One of my favorites!
When I first started biking, my first trail was the Busse Woods trail. When I got tired of going around the 8 mile loop 3-4 times for distance, I discovered that the Salt Creek Trail starts at the Busse Woods and ends up at the Brookfield Zoo. I made it a personal goal of mine to make it from Busse Woods to the zoo and back again - unfortunately, I moved away from the area before I could back in 2013, but returning to Chicago, I finally worked myself up to the challenge this year! The trail is very nice, you go through a lot of diverse forest preserves as well as a little road biking. None of the roads that need to be biked on are particularly heavy traffic on the weekends, but there is the chance you'll have to stop and wait for a train to cross in a few areas. The trail itself is well maintained and elevation diverse to keep itself interesting. The only issue I really have is that the signage along the trail is an epic failure in certain parts - after reaching the Prairie Path trail, picking the Salt Creek Trail back up again requires a map because there's no sign marking it. The final few miles of trail are also difficult to keep track of as the trail isn't marked as the Salt Creek Trail, but rather simply as the 'red' trail of the final forest preserve you pass through on the way to the zoo. There are points where there are trail intersections and it's hard to figure out which is the natural direction of the trail. Once you figure it out though (and having the traillink app really helps!), it's one of the nicest trails in the area. Definitely remember to bring water though - there aren't any water fountains that I saw on this trail, and the trail rarely passes through any business areas where you can buy any. It'd be 5 stars if not for the navigation issues.
My favorite trail
On Sundays, I regularly pick up the trail on 26th Ave. in Brookfield and ride west until I join the Illinois Prairie Path in Elmhurst. The majority of this section is fantastic, paved and easy to ride with plenty of small hills and small zig-zags through the woods.
There are a few intersections that require a quick stop and careful look around before crossing. The largest road to cross is Mannheim/LaGrange Road, but once west of that the riding is fast and fun.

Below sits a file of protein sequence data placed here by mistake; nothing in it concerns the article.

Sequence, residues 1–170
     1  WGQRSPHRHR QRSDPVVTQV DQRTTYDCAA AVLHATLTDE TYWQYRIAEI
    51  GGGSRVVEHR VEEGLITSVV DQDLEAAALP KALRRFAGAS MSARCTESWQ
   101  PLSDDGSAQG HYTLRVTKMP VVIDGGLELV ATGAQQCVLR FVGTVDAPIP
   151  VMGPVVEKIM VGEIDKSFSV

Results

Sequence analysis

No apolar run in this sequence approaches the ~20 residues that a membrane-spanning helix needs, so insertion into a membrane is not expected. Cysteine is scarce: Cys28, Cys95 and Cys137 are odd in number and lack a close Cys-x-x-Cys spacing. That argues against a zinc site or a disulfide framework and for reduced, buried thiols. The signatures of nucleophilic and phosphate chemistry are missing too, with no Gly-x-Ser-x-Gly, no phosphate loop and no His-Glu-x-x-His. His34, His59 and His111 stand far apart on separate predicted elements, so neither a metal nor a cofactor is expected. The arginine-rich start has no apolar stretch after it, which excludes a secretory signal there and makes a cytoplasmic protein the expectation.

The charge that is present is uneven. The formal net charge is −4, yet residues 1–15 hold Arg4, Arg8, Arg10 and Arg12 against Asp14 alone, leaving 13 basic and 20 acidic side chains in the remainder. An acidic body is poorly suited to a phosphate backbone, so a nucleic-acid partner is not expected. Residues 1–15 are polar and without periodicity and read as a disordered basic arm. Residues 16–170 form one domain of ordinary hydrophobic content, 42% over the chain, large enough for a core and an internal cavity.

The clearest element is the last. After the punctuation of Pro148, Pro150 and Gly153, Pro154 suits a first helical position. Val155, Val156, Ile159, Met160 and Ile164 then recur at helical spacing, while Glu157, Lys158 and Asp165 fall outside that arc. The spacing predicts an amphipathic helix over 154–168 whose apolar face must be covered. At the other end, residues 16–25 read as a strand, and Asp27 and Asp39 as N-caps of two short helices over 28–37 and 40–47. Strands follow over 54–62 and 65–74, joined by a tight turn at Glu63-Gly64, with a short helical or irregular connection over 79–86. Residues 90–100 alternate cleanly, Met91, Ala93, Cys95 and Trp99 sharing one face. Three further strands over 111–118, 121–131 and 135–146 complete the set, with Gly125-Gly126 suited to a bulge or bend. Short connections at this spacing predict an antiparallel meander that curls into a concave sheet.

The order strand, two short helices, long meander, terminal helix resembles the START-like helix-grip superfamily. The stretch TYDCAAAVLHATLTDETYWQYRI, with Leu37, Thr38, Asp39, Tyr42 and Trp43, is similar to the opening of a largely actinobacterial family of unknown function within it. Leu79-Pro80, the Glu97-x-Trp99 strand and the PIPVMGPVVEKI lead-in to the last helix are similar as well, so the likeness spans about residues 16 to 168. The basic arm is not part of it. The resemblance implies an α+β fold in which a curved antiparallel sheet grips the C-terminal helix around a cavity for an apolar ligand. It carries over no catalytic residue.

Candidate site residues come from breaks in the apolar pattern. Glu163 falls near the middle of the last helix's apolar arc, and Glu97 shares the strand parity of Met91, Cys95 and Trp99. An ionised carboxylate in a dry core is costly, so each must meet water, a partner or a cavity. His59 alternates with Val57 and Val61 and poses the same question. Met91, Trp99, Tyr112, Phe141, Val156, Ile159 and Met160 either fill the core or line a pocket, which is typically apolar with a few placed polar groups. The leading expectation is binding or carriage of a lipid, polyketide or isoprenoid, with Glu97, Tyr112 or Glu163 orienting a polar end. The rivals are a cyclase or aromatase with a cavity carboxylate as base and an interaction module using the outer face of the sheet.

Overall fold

On one occasion, the road was flooded in several places after a rough weekend of storms. All other times it has been clean and dry. A couple of places are a bit confusing on where to go, but using the TrailLink App helps a lot. There are also Salt Creek Trail signs posted in several places of confusion.
At Oakbrook Golf Course, the road turns to gravel for a while as you ride north. It's therefore a slower section, but safe and away from cars.
There is a nice little bathroom facility in York Woods County Forest Preserve if you need a stop, and there are some tables there as well if you want to sit and rest. Watch for deer!
I'm looking forward to riding the rest of the trail north up to the end, but for now the south Salt Creek is a blast.
Nice ride, but confusing....
We rode the short 7-mile original section of the trail starting at Brookfield Zoo for the first time. Most of it is nice, winding path through forests. This was in spring, so there were plenty of flowers blooming and riding through tunnels of honeysuckle bushes smelled wonderful. There were plenty of deer, birds and other wildlife to experience as well.
We, however, are used to riding a trail system in a less urban area that follows along a river bed, so has less street crossings. I understand that having a contiguous trail in a densely populated urban area with streets on a grid will cause street crossings. This section of the Salt Creek Trail, however, has several that are poorly marked or not marked at all. At the intersection of Cermack and Mannheim, the trail seems to disappear, with no indications at all. We only were able to continue due to directions from a jogger using the trail. The crossing at 31st street is also confusing and not marked, but we were able to figure that one out with a little head scratching.
Due to it's twisty nature and many crossings, it may not be great for hard core training. The fact that it doesn't allow for great speed, does make it ideal for families.
I would recommend this trail, but one should study the route first and not trust that it will be clearly marked.
My husband and I have ridden this trail three times this year, once last year. We rode it regularly for years, but then moved away. I had heard it had deteriorated in the intervening time. Well if it did, it is ok now. It is asphalt, and some of the asphalt has buckeled, but I have seen worse. Good points: there are picnic groves where you can rest. Bad points: No water. When we rode the trail years ago, if the water pumps were not working,we would leave the trail at the Manheim Rd crossing and go buy a drink at a convience store or at the Jewel. The old outhouses have been replaced with port-a potties. The old out houses were cleaner!! The wells have been capped. You cannot even see where they were. The section we ride is from the Brookfield Zoo to Bemis Woods. There is a genuine toilet at the Bemis Woods parking area. Overall, the hill are gentle, and the trail is shady. I would submit pictures, but the photo system has a problem. It did work a month ago.